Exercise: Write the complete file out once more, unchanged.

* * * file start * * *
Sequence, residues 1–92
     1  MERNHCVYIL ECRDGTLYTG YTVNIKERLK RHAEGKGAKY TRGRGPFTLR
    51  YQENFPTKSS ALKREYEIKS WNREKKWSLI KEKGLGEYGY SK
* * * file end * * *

Sequence, residues 1–92
     1  MERNHCVYIL ECRDGTLYTG YTVNIKERLK RHAEGKGAKY TRGRGPFTLR
    51  YQENFPTKSS ALKREYEIKS WNREKKWSLI KEKGLGEYGY SK